After the shipwreck, they learned that the island they had safely reached is called Malta. He said that the natives were kind and welcoming, and even helped them with a fire. But a snake came out because of the heat, and fastened himself to Paul’s hand. The sight of the deadly creature hanging from his limb just after he had been rescued from a life-threatening shipwreck made them suppose that he must be a murderer, getting his just reward (Greek and Roman tales had long spoken of just such events – “The Argonautica”, for example). But God was certainly not going to let anything happen to him. When he neither died nor showed any ill effects from the bite, they then thought Paul himself to be a god.
Publius in verse 7, is described as a “chief man” – the Greek term for which is “protos,” of which term several inscriptions have been found. Several references to Publius and this chapter, along with photographs can be found in this article at BiblePlaces.com. Publius’ father was ill with fever and dysentery (the description of which ills fit those of an infection caused by goat’s milk called “Malta fever”). Paul healed him, as well as others of the island with diseases that were brought to him afterward (verses 8-9).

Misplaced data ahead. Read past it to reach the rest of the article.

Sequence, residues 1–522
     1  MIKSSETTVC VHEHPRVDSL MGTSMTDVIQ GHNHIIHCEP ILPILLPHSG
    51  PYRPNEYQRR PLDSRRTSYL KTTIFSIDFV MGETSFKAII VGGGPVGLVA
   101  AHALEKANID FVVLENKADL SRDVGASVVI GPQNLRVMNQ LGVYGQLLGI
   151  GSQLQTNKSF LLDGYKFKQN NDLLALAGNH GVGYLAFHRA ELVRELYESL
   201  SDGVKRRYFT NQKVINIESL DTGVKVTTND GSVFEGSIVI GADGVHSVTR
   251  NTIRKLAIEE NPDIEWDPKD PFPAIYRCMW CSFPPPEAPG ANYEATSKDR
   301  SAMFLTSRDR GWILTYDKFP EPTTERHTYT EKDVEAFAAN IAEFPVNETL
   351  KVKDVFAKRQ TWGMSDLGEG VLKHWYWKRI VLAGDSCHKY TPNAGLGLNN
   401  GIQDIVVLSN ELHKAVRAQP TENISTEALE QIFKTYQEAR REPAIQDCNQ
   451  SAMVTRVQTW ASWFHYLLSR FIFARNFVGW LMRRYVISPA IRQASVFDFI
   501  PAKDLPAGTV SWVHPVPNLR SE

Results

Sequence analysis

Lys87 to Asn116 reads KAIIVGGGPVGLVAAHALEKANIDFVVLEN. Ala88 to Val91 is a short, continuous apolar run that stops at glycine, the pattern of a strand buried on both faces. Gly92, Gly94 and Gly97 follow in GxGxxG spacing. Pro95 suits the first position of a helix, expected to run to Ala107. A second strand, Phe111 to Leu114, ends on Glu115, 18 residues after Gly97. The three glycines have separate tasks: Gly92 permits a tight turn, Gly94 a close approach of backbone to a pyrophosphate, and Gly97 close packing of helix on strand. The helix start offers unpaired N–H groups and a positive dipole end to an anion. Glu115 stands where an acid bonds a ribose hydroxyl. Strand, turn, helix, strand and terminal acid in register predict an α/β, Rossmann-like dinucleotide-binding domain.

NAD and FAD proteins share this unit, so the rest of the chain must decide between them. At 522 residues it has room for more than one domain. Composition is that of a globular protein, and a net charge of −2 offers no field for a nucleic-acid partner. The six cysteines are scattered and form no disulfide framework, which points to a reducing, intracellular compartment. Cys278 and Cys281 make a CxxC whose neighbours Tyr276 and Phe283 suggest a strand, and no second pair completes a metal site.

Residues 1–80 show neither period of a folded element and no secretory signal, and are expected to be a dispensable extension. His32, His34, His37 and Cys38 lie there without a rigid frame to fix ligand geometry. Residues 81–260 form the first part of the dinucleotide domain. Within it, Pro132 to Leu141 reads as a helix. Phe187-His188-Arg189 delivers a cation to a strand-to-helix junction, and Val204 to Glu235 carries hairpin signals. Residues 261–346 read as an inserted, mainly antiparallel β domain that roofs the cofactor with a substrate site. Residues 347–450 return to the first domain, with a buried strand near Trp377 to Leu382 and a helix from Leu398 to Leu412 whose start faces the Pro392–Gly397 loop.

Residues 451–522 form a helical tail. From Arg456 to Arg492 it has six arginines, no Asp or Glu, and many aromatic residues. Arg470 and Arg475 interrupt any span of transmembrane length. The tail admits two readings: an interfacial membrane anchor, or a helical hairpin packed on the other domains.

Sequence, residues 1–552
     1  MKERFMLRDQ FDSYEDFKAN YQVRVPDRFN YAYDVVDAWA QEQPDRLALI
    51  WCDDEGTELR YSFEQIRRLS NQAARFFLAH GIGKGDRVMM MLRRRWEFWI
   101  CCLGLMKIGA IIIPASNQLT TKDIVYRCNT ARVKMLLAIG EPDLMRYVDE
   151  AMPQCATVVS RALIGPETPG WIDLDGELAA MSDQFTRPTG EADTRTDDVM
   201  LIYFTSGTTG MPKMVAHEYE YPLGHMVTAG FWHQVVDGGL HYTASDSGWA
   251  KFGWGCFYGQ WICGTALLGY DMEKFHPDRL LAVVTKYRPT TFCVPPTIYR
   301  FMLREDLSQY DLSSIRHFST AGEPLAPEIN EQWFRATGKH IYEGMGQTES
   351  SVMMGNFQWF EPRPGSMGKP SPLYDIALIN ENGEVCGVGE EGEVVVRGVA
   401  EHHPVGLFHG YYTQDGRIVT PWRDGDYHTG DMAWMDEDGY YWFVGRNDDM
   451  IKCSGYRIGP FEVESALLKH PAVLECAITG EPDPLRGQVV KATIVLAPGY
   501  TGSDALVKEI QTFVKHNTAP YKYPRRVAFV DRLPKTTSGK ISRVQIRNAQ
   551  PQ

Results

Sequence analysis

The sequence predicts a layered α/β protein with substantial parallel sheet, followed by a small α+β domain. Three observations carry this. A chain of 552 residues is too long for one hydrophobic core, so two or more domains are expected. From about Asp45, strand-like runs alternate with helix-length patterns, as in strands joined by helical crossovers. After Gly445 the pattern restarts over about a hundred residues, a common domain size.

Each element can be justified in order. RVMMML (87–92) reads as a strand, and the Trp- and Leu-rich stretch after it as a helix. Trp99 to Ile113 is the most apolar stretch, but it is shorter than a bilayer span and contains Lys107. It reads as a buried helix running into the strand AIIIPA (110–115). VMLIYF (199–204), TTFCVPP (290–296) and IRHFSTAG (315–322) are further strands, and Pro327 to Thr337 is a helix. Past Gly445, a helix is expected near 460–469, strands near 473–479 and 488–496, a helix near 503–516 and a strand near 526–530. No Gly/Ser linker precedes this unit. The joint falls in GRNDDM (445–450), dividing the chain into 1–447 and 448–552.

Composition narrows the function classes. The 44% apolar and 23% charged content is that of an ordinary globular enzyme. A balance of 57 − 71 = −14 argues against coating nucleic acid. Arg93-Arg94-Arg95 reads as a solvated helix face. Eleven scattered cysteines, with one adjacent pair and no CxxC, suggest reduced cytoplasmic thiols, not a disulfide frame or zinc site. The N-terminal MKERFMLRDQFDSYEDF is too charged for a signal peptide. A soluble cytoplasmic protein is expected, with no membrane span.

After three months, they again set sail in a ship from Alexandria that had been wintering there. Luke describes the ship as having a figurehead of the “twin gods” (Castor and Pollux, the mythological twin sons of Zeus and Leda, were seen as the protectors of seamen). They put in at Syracuse for three days, then ended up in Puteoli, where they stayed with brethren they had found for seven days, then to Rome. The brethren there heard, and came from as far away as “The Three Taverns” and the “Forum of Appius” (hence, the name, the Appian Way) (verses 12-16).
Paul spent considerable time preaching and trying to convince the Jews there of the good news of Jesus through the words of Moses and the prophets. Some believed, but others did not – the latter leaving disagreeably (verses 23-25). Paul quoted Isaiah 6:9-10 to them in verses 26-27; and then told them that now this news of the salvation of God will be brought to the Gentiles, for they will listen.
Verses 30-31 close out the book of Acts with the word that Paul remained there two full years, at his own expense, “teaching about the Lord Jesus Christ with all boldness and without hindrance.” No further word is given of Paul’s appearance before Caesar, or any confirmation of secular writings that suggest he fulfilled his desire to go and preach in Spain, nor of a second imprisonment before his martyrdom. As much as we would like to know of the rest of Paul’s story, the inspired word of God does not tell us because the book of Acts is not Paul’s biography, but the word “breathed out by God and profitable for teaching, for reproof, for correction, and for training in righteousness…” (2 Timothy 3:16).
Bible Reading Schedule for this month
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All of my comments in this blog are solely my responsibility. When reading any commentary, you should always refer first to the scripture, which is God’s unchanging and unfailing word.